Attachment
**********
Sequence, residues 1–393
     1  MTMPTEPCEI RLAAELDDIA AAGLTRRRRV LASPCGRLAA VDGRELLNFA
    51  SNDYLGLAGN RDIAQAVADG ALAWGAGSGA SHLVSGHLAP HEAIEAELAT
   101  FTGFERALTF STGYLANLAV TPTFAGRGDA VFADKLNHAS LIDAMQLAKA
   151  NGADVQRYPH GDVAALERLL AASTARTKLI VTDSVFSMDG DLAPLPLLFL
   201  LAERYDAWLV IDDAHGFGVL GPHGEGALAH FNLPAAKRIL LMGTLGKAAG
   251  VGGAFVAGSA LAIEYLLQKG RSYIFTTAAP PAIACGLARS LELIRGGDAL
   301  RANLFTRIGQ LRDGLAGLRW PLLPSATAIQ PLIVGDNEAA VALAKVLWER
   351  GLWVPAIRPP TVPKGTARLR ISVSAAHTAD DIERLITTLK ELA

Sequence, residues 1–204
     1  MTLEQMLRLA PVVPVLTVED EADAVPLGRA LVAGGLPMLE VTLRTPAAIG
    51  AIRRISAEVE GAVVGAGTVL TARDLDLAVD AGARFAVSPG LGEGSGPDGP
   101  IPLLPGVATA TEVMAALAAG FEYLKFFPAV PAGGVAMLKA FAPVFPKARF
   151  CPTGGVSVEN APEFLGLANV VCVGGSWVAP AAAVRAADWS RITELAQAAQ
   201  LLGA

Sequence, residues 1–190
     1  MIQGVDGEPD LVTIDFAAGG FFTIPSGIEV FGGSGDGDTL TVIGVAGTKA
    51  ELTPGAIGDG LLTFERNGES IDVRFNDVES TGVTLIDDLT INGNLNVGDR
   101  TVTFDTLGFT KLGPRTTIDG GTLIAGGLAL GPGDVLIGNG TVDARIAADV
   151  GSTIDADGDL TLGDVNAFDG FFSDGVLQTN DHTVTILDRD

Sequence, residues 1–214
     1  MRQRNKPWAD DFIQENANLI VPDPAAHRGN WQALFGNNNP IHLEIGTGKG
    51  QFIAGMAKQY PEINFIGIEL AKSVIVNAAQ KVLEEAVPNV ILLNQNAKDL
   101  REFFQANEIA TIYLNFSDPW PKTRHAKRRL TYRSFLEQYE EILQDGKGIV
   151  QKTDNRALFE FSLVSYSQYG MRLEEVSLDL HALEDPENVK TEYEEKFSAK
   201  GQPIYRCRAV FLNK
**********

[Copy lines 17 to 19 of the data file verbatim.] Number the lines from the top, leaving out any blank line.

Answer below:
     1  MIQGVDGEPD LVTIDFAAGG FFTIPSGIEV FGGSGDGDTL TVIGVAGTKA
    51  ELTPGAIGDG LLTFERNGES IDVRFNDVES TGVTLIDDLT INGNLNVGDR
   101  TVTFDTLGFT KLGPRTTIDG GTLIAGGLAL GPGDVLIGNG TVDARIAADV